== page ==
The National Trust tells of bats in need and water drying up in the heat

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The National Trust has reported significant effects across its estate from the recent extreme heat, including bats in distress, heather struggling to flower and historic water features drying up.

At Wallington in Northumberland, bats were found disoriented and dehydrated in daylight during the hottest days this summer, while in Cambridgeshire a water wheel powering a flour mill had to stop turning due to low river levels.

The charity said the record conditions must be a “watershed moment” for anti-emissions measures as it prepares for prolonged hot and dry weather by choosing drought-resistant plants, increasing tree cover and creating wetlands.

“It affects everything we do and we can see the trend going forward,” said Keith Jones, a national climate adviser for the trust.

“The one that really made me stop and think was the bats that fell to the ground in the heat and the rangers picked them up from the floor. It’s the smallest pieces of the jigsaw, like the bats, that seem to suffer the most.

“This must be a watershed, where we make a decisive shift from words to action.”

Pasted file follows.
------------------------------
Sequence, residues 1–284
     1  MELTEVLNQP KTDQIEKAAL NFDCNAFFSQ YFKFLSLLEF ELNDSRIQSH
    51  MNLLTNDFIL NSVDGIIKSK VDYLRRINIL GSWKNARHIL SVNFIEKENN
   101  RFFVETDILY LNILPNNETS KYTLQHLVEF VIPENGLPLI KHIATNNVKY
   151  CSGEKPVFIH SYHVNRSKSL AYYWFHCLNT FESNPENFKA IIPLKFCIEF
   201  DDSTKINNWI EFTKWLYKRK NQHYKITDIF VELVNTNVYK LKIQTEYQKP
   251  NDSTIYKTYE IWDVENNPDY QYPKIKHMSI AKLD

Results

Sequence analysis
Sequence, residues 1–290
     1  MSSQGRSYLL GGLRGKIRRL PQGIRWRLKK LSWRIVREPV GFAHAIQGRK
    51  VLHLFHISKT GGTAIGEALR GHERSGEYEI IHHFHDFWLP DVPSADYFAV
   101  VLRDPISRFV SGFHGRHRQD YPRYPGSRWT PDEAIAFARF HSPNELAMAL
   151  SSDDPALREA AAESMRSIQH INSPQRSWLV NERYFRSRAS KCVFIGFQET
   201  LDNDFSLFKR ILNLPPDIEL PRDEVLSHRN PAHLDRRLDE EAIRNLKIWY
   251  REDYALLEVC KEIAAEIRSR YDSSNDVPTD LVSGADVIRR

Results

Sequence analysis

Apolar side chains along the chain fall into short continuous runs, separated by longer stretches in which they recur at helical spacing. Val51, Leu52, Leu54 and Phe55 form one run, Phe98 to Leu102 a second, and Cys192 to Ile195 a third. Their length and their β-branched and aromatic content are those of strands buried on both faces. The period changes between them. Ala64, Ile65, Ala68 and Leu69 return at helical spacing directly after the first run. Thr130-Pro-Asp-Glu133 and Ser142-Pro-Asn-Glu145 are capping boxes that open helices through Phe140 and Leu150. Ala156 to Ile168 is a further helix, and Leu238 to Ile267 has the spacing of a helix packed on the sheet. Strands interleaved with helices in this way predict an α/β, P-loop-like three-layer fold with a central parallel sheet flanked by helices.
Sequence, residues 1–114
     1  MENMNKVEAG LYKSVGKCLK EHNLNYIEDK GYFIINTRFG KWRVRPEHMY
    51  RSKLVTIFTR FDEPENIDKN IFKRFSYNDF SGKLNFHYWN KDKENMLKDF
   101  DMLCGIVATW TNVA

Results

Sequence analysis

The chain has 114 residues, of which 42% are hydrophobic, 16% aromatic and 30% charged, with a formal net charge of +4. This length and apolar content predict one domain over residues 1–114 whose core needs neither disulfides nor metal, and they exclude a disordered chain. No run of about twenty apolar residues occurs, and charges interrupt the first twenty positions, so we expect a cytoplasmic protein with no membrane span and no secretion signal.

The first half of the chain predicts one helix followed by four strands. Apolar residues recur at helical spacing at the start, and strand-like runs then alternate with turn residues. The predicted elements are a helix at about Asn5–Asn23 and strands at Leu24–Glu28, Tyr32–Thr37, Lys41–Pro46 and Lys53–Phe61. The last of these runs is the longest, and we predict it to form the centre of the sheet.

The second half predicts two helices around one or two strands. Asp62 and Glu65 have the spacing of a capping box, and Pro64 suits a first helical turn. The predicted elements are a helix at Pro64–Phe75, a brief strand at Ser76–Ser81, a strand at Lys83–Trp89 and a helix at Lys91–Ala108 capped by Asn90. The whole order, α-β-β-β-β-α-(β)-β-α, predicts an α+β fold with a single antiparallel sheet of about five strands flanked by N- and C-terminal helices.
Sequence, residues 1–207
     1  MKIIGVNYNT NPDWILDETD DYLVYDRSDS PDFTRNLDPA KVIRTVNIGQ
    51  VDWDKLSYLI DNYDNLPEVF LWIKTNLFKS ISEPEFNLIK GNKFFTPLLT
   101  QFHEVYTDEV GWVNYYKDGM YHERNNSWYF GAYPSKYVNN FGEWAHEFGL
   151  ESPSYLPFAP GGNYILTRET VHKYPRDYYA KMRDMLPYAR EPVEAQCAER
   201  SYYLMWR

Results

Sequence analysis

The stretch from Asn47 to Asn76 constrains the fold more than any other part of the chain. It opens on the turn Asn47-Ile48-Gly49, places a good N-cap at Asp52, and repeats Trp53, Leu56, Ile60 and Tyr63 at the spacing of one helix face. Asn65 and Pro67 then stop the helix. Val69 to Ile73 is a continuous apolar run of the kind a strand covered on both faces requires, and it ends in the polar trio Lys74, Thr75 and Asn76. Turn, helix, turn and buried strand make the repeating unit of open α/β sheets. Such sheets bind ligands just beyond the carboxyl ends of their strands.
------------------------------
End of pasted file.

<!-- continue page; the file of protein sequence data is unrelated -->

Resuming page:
In eastern England, where temperatures reached 40C (104F) last month, 60-70% of heather plants on the rare lowland heath of Dunwich Heath in Suffolk are struggling to flower.

On Dartmoor in southwest England, some woody lichens, liverworts and mosses that normally thrive in the moist atmosphere of Lydford Gorge, a site of globally important temperate rainforest, are shriveling due to lack of moisture.

Elsewhere, gutters and water features in some historic gardens dried up during July’s heatwave, while several bushfires have broken out on trust land in recent weeks, including one in Devon that took two months to fully extinguish.

“We’re moving very quickly toward a pretty bad future,” Jones said. “We’re trying to make things more resilient. But resilience can only take you so far, we have to adapt further because at the moment we are not sure where the end point is on climate change.”

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The trust is implementing strategies to protect landscapes and buildings from the heat, such as a new drought-tolerant garden at Felbrigg Hall in Norfolk, which only required watering once this summer, and extra shading and ventilation for historic buildings.

It also introduces 20 meters of new trees by 2030 and restores landscapes to make them wetter. At Oxburgh Hall in Norfolk, a four-year project is restoring a 19th-century formal garden so that it is better able to cope with hot weather.

The house’s senior gardener, Dea Fischer, said: “In some parts the soil is like beach sand and needs constant mulching and attention to ensure it can nourish plants. It is so dry that some plants that once grew here will no longer grow.

“We’re not likely to see this back, so we need to prepare and learn to garden differently. We look for plants that can tolerate drought but also occasional wets, and group plants with similar moisture needs.”

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